The Spider Web That Gets Stronger When It Touches Insects

Its threads reinforce themselves by sucking up chemicals from the victim’s own shell.

A fly is covered with the capture threads of the feather-legged lace weaver. (Hana Adamova)

What happens when an insect touches a spider’s web?

Most web-spinning spiders line their silken threads with droplets of glue, which snag blundering insects. But one group—the cribellate spiders—does something different. Their threads are surrounded by clouds of even more silk—extremely fine filaments, each a hundred times thinner than regular spider silk. These nanofibers give the silk a fuzzy, woolly texture, and since they have no glue, they’re completely dry. And yet they’re clearly sticky. Insects that stumble into the webs of cribellate spiders don’t stumble out again.

Raya Bott and colleagues at Aachen University in Germany have now shown that cribellate silk adheres to insects in a previously unknown and unsettlingly macabre way. When an insect touches the strands, waxy chemicals in its outer surface get sucked into the woolly nanofibers and reinforce them, turning the tangled mass of delicate threads into a solid, sturdy rope. The victim literally becomes a part of the web, inadvertently strengthening the instrument of its own capture.

Uloborus plumipes on its web. (Anna-Christin Joel)

Cribellate spiders are among the most ancient of spiders, and they use their silk in a variety of startling ways. The ogre-faced or net-casting spiders hold their webs in their front legs and drop them onto passing insects. The uloborid spiders have lost the venom that most spiders use, and instead crush their prey to death by wrapping them in excessive amounts of silk; one species was documented using 140 meters to envelop a single insect. And some uloborids—the triangle spiders—spin triangular bungee webs. They hold one corner in tension; when an insect lands, the spider lets go and the entire web collapses onto the target.

Despite these different tactics, all of these species rely on the sticky nature of their dry silk. Scientists used to think that the nanofibers in cribellate silk make such close contact with surfaces that they stick using the forces that hold molecules together over very small distances. But that couldn’t be the whole story, because cribellate silk adheres far more strongly to insects than it does to artificial surfaces.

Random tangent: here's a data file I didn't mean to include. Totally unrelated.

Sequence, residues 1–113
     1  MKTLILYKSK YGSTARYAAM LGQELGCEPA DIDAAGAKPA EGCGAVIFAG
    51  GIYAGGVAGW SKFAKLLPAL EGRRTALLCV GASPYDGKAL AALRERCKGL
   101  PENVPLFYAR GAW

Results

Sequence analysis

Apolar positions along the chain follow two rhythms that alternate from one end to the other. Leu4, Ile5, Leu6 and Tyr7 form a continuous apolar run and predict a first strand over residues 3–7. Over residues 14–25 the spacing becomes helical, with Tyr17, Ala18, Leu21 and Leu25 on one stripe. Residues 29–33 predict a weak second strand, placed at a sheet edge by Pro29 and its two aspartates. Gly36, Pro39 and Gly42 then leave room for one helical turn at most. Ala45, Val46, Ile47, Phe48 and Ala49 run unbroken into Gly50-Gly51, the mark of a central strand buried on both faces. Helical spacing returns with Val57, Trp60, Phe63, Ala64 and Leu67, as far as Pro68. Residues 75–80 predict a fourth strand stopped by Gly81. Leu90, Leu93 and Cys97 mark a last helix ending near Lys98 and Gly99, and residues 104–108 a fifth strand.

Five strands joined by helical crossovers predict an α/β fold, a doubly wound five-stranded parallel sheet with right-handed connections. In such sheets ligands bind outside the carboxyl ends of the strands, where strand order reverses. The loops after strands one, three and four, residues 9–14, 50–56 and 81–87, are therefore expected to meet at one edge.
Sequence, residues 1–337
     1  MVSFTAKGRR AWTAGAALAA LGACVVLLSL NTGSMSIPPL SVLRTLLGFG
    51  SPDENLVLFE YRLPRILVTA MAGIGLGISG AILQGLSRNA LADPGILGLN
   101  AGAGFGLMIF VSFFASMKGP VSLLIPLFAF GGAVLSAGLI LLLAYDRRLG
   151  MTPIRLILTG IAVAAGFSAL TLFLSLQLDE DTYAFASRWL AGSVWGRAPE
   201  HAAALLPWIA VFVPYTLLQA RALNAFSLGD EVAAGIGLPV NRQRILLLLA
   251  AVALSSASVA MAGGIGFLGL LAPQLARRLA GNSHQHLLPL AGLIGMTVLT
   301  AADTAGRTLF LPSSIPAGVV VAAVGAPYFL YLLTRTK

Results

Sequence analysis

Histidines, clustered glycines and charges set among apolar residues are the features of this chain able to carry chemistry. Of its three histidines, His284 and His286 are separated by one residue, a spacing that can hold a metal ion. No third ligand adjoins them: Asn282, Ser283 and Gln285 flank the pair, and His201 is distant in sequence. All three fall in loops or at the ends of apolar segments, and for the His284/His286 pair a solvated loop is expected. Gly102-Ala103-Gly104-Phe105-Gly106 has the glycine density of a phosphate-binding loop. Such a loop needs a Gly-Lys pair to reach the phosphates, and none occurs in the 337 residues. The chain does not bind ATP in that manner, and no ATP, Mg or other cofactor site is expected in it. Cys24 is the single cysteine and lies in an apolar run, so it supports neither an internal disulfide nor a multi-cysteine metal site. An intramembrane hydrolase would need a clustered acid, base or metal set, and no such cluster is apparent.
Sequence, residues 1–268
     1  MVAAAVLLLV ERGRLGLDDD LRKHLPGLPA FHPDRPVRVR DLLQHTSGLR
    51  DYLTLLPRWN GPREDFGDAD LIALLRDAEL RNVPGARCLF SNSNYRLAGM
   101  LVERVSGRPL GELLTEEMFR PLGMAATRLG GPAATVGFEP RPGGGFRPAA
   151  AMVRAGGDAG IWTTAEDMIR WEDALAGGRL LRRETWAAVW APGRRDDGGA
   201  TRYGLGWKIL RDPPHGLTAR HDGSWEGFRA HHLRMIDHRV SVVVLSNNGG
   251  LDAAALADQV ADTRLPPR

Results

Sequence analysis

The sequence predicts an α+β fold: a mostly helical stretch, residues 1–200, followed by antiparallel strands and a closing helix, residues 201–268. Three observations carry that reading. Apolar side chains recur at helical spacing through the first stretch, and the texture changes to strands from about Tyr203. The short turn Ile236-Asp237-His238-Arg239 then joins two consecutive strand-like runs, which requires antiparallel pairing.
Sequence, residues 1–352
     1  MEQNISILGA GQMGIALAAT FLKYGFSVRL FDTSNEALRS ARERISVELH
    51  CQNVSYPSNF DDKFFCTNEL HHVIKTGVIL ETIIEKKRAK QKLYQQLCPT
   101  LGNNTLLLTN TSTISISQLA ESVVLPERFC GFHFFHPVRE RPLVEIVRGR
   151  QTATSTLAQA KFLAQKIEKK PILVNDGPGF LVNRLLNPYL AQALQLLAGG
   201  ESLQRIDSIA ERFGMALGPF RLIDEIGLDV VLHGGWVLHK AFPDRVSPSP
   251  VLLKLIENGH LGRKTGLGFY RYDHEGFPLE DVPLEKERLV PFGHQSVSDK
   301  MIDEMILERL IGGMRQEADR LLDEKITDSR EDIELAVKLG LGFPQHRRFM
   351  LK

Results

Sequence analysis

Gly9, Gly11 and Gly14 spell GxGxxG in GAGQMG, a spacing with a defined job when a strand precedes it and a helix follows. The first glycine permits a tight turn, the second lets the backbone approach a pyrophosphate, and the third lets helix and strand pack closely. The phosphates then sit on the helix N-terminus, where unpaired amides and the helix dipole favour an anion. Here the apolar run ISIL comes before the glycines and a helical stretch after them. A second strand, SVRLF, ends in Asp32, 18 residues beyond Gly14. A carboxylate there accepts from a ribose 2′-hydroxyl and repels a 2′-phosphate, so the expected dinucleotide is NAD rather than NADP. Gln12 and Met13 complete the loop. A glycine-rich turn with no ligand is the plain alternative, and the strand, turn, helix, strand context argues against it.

Bott found a clue to cribellate silk’s powers by breaking out a powerful microscope. She noticed that whenever the silk had touched an insect, she couldn’t make out the individual nanofibers any more. It was as if they had fused together. She even filmed the process, showing that a wave of fusion begins at the point of contact, and then travels up the silk.

Looking more closely, she saw that the fibers were still there. They had just become embedded in some kind of fluid—think spaghetti strands drenched in a thick marinara sauce. And when she analyzed the chemicals in the fluid, she realized that it was a match for the waxes found in insect shells. It seemed like the silk absorbs these waxes right off the insects, just as cotton balls will soak up water. In the process, the silk reinforces itself.

Nanofibers sticking to a fly’s leg. (Hana Adamova)

Bott confirmed her idea by showing that cribellate silk sticks eight times more strongly to normal insect shells than to those that were chemically treated to remove their waxes. Similarly, it sticks more strongly to artificial surfaces that have been coated in those same waxes. “Insects typically use the wax to reduce evaporation, but the spider misuses that protective layer,” says Anna-Christin Joel, who led the study. And all of this happens automatically.

“They make a strong case,” says Todd Blackledge from the University of Akron, who studies the evolution of spider silk. “It makes sense that silk would have features that make it function best on natural insect surfaces rather than synthetic surfaces commonly tested in the laboratory.”

Insects, in turn, evolved countermeasures. They couldn’t get rid of their waxes entirely or they would lose too much water, but they could make the wax so viscous that it wouldn’t soak into the silk, or simply cover it with a protective shield. Joel suspects that these adaptations drove spiders to evolve new ways of trapping their prey, which might explain why some of them started adding glue to their silk.

But ironically, the gluey threads stick less well to insects with unprotected waxy shells. Joel thinks that insects can defend against either the dry cribellate silk or the wet glue-coated kind, but not both. And conversely, both kinds of silk only work on some kinds of prey, which is why the ancient cribellate spiders weren’t totally displaced by their glue-using descendants. Thanks to their self-reinforcing silk, they’ve stuck around.